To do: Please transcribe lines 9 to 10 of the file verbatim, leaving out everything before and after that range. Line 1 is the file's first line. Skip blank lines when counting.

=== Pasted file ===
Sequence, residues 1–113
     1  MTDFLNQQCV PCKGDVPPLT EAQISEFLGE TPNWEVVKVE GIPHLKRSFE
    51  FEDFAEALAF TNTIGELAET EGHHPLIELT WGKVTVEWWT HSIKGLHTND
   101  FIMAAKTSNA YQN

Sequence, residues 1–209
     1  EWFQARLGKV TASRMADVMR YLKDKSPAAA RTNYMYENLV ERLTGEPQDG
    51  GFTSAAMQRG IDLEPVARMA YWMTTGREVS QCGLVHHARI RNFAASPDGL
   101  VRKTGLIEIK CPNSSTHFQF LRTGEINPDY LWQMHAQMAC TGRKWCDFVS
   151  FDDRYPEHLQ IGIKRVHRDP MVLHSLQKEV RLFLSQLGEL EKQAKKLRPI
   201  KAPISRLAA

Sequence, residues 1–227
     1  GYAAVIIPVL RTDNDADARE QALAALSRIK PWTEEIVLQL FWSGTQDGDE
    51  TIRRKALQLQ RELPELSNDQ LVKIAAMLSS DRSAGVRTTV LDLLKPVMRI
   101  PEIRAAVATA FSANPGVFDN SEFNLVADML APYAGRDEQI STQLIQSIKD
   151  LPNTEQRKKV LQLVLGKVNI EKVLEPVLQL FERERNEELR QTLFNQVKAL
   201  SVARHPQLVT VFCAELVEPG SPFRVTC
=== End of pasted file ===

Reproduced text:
   151  FDDRYPEHLQ IGIKRVHRDP MVLHSLQKEV RLFLSQLGEL EKQAKKLRPI
   201  KAPISRLAA